Simon, a retired policeman, and one of the four farmers down at the end of our lane, is our closest farming neighbour. Well, he used to be a farming neighbour. Now he’s just a neighbour.
Simon only ever kept cows, and he stopped keeping those a few years back when changes to Ministry of Agriculture rules made cows too expensive. Not to keep, but to dispose of. What used to be free – the carting away of dead cows, of any age – now costs several hundred pounds. Young cow carcasses are still carted away for free, but Simon’s middle-aged herd of breeding stock were going to cost him dearly when they shuffled off this mortal coil. This change in policy meant the end of hobbyist cow farming, as far as Simon was concerned, and the end of cow watching in the pasture behind our garden.
I always had a soft spot for Simon’s cows because they were in the field on the day Tonia and I first viewed our house. We leaned over the back fence to watch the cows one afternoon, and Gerta, the previous owner of our house, opened the window and asked, “Can I help you?”, which is British for “What the hell are you doing?”
“We’re interested in buying the house,” we said, and Gerta kindly invited us inside to have a look. It was high summer, and cows could be heard in every room, through every open window. Cow munching provided the soundtrack for our tour of the house, and from the terrace it sounded as if they might be eating their way through much of the back garden. We liked the little house well enough, and were blown away by its view across the valley, but the cows were also one of the main selling points.
I know. It doesn’t seem like having cows for neighbours would be a selling point. They don’t do much beyond eat and shit, loudly. Which means that in the summer, with our windows flung wide, we are blessed with not only an abundance of cow noises, from both the front and back ends of cows, but also the flies which inevitably follow the latter. These come in two varieties. There are the large horse flies or, I suppose in this case, cow flies, that dive in through open doors and windows, Kamikaze-like, and leave just as quickly. We think of them as the “smart” flies, because they usually manage to find their own way out. The second, smaller variety are dozy little “idiot” flies that circle aimlessly around the ceiling light, or hurl themselves uselessly against open windows, to die beaten and baffled on sunny window sills.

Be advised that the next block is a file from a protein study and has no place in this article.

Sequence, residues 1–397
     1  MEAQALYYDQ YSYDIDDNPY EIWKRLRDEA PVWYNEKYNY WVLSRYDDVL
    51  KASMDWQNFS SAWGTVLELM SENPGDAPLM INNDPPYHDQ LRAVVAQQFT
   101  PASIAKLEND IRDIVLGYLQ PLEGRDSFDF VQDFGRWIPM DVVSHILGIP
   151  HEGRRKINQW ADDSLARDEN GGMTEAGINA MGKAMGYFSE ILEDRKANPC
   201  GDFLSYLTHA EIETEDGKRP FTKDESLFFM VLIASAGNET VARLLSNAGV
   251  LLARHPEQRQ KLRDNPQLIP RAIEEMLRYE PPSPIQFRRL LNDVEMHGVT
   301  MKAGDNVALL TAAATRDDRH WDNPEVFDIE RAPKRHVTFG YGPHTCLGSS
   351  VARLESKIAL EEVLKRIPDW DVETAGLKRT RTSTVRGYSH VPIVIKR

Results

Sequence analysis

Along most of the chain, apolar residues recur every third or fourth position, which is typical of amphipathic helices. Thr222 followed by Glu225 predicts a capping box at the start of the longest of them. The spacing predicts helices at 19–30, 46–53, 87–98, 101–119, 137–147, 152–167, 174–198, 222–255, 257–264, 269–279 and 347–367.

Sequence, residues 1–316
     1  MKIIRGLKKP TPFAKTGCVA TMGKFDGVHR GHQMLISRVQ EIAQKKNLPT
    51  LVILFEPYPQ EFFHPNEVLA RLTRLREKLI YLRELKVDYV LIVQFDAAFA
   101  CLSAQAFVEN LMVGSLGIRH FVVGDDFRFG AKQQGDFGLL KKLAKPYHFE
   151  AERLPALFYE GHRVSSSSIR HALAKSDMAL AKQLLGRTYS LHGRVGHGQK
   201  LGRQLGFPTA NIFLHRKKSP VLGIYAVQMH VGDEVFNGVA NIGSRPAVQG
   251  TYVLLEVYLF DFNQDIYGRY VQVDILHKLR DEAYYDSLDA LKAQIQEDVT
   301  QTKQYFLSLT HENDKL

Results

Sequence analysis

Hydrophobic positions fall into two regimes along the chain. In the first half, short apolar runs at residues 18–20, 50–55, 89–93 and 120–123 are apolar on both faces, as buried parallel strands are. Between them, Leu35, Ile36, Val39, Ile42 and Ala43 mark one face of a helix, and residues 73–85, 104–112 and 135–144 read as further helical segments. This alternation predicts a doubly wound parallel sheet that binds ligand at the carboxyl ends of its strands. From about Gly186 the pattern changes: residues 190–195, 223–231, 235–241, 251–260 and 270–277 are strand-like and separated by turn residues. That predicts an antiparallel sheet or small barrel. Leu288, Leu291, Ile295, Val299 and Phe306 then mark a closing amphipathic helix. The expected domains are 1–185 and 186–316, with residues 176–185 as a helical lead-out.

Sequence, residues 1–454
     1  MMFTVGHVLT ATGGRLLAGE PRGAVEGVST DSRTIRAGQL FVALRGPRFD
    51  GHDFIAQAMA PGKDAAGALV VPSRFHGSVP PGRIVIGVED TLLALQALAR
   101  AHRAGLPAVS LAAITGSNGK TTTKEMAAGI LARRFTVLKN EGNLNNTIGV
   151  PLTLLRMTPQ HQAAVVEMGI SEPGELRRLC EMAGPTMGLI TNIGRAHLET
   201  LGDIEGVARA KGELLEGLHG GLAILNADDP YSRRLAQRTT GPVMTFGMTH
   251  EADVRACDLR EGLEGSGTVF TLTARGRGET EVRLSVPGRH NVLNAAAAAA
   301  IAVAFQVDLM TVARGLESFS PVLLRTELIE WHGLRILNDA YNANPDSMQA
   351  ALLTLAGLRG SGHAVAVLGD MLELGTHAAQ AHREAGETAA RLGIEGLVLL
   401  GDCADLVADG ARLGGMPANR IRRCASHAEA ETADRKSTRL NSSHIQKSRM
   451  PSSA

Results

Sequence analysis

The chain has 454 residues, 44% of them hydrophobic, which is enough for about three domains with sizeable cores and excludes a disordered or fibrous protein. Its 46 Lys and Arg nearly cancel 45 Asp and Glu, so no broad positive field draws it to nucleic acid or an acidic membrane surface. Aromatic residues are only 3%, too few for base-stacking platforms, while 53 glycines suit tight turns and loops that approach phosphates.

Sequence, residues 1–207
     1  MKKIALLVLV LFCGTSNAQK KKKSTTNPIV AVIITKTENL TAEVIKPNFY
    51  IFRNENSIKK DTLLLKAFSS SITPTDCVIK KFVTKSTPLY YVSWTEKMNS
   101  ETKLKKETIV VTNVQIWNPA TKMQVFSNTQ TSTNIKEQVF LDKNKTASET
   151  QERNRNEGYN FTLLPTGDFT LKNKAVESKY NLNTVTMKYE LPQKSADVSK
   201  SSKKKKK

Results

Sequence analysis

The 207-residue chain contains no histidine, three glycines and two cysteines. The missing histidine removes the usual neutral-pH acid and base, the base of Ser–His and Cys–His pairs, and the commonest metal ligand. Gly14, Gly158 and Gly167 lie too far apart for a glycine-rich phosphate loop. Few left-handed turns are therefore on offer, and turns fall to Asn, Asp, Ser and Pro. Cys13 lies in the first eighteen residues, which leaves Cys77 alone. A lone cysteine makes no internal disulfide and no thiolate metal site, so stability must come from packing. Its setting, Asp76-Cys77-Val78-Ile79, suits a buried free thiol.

We always assumed Simon’s organic beef had to be tasty, what with the satisfying lives his cows seemed to enjoy. We never actually bought any because after a few summers of watching adorable calves grow quickly in the pasture out back, we had neither the heart, nor the stomach, to eat any of them. They were endlessly entertaining to watch, moreover, we began to think of them as friends. As everyone knows, one doesn’t eat one’s friends.
We’ve been saddened by the empty pastures, just as we were at the news that Simon would no longer be keeping cows, though other farmers in the village say it’s a mercy, really, that Simon’s fields contain naught but grass now. His cows were, according to some, “half wild and largely unmanageable.” Their own cows are, naturally, so perfectly behaved you could invite them to tea. Farmers are nearly as fond of pointing at each other’s gates, and saying, “They don’t look after their beasts there, you know,” as they are of their own methods for farming.
The field out back is full of cows this week. Though I haven’t asked, I’m fairly sure they’re not Simon’s, as his cows were always so pretty, and these new cows are not a wholly attractive bunch. They are rough and ready cows that I’d put at somewhere between one and two years of age. A teenage gang of cows, several of which sport wicked looking horns, they’re fiercely territorial, for all that this is a relatively new ‘hood in which they live. I’ve seen cats fleeing across the pasture, pursued by these young thug cows, and they mass at the hedgerow, glaring, whenever Ruby is the garden. Lean and curious, they’ll come right up to the fence when I’m out back, to noisily munch, and gaze, and wonder what the hell I am doing. They seem placid enough where humans are concerned, but there’s something about their eyes that warns they’re not to be trifled with.
I’ve been watching the herd for a week now and though I’m used to looking at cows in the field, I feel as if I’ve never before seen cows in my life, probably because I haven’t. Painting has me seeing everything, including cows, with new eyes. Beginner’s eyes, Ruth called the process, on Twitter last week.
Beginner’s eyes are why, when I stare at cows lying across the field in the early morning sun, I don’t see a field of green dotted with bovine black and white, but masses of yellow and orange bodies, and purple and green shadows. I may not be able to paint cows yet, but I can see them with my new eyes. Beginner’s eyes are responsible for what I’m sure is a vacant expression on my face as I stare, slack jawed, at spectacularly back lit grass and amazing light falling on cow shaped bodies. I’m sure I look like an idiot, standing, staring at cows. You will tell me, won’t you, if I begin to drool?